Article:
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Quantifying the financial burden of households’ out-of-pocket payments on medicines in India: a repeated cross-sectional analysis of National Sample Survey data, 1994–2014
  1. Sakthivel Selvaraj,
  2. Habib Hasan Farooqui,
  3. Anup Karan
  1. Public Health Foundation of India, New Delhi, India
  1. Correspondence to Dr Habib Hasan Farooqui; drhabibhasan{at}gmail.com

Abstract

Objective The objective of this research is to generate new evidence on financial implications of medicines out-of-pocket (OOP) payments for households. Another objective is to investigate which disease conditions contributed to a significant proportion of households’ financial burden.

Setting All Indian states including union territories, 1993–2014.

Design Repeated cross-sectional household surveys.

Data Secondary data of nationwide Consumer Expenditure Surveys for the years 1993–1994, 2004–2005 and 2011–2012 and one wave of Social Consumption: Health for the year 2014 from National Sample Survey Organisation.

Outcome measures OOP expenditure on healthcare in general and medicines in specific.

Results Total OOP payments and medicines OOP payments were estimated to be 6.77% (95% CI 6.70% to 6.84%) and 4.49% (95% CI 4.45% to 4.54%) of total consumption expenditure, respectively, in the year 2011–2012 which marked significant increase since 1993–1994. These proportions were 11.46% (95% CI 11.36% to 11.56%) and 7.60% (95% CI 7.54% to 7.67%) of non-food expenditure, respectively, in the same year. Total OOP payments and medicines OOP payments were catastrophic for 17.9% (95% CI 17.7% to 18.2%) and 11.2% (95% CI 11.0% to 11.4%) households, respectively, in 2011–2012 at the 10% of total consumption expenditure threshold, implying 29 million households incurred catastrophic OOP payments in the year 2011–2012. Further, medicines OOP payments pushed 3.09% (95% CI 2.99% to 3.20%), implying 38 million persons into poverty in the year 2011–2012. Among the leading cause of diseases that caused significant OOP payments are cancers, injuries, cardiovascular diseases, genitourinary conditions and mental disorders.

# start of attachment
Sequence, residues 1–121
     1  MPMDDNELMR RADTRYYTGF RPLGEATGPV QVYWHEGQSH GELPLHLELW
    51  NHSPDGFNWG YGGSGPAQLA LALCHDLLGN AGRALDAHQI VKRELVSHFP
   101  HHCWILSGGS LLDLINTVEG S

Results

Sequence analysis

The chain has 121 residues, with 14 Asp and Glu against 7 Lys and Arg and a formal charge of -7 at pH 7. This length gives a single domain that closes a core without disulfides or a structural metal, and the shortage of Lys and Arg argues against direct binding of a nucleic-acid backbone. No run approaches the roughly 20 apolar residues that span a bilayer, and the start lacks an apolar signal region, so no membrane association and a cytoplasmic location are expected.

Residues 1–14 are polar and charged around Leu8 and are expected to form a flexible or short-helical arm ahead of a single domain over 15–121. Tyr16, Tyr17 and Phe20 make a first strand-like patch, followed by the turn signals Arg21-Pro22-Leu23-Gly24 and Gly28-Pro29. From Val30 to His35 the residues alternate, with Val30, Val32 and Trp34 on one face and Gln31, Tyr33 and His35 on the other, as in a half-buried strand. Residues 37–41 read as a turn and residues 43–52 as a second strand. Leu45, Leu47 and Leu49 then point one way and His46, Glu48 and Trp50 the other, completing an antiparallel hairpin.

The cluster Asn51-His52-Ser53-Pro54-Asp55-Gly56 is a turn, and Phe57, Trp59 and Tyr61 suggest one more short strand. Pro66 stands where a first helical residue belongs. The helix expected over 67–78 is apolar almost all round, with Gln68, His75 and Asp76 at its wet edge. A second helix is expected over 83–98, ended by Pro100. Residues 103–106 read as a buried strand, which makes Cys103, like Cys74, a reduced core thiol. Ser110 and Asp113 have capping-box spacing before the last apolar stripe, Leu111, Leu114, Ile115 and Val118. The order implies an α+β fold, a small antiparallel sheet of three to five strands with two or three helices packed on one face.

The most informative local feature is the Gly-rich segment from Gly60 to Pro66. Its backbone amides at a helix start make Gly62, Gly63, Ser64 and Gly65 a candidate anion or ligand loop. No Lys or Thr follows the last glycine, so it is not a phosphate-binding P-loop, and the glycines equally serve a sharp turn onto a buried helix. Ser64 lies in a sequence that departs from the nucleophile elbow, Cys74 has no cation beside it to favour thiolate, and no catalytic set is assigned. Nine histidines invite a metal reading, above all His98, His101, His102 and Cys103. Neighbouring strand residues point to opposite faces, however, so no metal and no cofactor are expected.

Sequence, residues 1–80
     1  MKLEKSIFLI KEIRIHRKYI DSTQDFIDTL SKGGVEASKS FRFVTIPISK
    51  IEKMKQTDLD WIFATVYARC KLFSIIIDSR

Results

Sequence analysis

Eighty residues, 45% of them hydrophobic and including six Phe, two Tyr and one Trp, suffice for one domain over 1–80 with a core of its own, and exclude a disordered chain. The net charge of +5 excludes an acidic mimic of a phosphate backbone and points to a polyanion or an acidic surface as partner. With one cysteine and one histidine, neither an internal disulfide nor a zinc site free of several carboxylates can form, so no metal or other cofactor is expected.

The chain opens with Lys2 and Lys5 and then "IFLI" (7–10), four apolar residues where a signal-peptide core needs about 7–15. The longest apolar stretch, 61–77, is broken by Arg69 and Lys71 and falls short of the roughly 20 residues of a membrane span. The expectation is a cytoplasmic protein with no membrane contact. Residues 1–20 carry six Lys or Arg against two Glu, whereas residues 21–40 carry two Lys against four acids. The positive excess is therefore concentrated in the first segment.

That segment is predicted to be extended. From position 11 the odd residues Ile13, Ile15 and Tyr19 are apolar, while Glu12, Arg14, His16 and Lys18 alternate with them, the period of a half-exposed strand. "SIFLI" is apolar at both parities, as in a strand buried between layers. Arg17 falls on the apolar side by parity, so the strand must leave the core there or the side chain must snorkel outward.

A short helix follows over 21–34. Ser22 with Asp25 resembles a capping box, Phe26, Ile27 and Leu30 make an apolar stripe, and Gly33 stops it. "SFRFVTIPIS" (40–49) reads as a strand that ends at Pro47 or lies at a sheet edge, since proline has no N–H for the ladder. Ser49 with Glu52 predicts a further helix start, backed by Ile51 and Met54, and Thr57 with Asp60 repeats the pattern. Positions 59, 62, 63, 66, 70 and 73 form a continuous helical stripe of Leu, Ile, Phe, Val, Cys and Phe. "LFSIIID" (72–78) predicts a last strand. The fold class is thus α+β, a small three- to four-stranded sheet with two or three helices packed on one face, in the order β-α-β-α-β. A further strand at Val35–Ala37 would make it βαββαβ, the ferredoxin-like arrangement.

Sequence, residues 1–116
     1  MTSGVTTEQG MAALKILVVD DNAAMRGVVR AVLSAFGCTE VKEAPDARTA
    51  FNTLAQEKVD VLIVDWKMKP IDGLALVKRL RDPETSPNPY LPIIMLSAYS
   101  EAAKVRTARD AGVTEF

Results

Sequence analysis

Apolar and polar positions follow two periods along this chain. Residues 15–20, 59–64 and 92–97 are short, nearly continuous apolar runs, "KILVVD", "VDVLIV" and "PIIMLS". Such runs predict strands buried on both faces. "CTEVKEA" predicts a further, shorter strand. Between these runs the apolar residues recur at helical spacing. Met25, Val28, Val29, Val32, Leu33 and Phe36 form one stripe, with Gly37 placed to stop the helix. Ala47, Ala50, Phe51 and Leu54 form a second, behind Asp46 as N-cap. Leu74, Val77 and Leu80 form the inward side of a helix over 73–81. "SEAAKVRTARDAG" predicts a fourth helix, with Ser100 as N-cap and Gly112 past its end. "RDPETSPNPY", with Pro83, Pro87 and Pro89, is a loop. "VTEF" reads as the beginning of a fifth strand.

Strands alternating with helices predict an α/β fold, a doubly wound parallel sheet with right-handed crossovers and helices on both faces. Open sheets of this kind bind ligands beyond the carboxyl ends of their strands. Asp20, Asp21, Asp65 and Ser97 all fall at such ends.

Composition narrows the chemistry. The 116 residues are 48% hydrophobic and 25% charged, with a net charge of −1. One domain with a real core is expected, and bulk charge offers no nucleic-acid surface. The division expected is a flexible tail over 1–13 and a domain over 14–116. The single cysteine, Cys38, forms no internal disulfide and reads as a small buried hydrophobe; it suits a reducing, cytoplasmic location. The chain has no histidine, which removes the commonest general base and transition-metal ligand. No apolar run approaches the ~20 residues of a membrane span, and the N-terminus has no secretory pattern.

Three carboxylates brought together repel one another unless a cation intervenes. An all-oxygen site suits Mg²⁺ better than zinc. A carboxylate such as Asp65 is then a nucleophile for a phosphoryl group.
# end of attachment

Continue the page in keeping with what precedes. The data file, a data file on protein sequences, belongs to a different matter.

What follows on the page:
Conclusions Purchase of medicines constitutes the single largest component of the total OOP payments by households. Hence, strengthening government intervention in providing medicines free in public healthcare facilities has the potential to considerably reduce medicine-related spending and total OOP payments of households and reduction in OOP-induced poverty.

  • health economics
  • health policy
  • public health

This is an Open Access article distributed in accordance with the terms of the Creative Commons Attribution (CC BY 4.0) license, which permits others to distribute, remix, adapt and build upon this work, for commercial use, provided the original work is properly cited. See: http://creativecommons.org/licenses/by/4.0/

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Footnotes

  • Contributors AK and SS conceived the idea, designed the analysis, conducted data analysis and wrote the first draft of the paper. AK, SS and HHF conducted the literature review and the interpretation of the results. AK, SS and HHF revised and edited the manuscript to its final stages. All the authors approved the final manuscript version.

  • Funding Habib Hasan Farooqui is supported by a Welcome Trust Capacity Strengthening Strategic Award to the Public Health Foundation of India and a consortium of UK universities.

  • Competing interests None declared.

  • Patient consent Not required.

  • Provenance and peer review Not commissioned; externally peer reviewed.

  • Data sharing statement The data used for the analysis are available in public domain.

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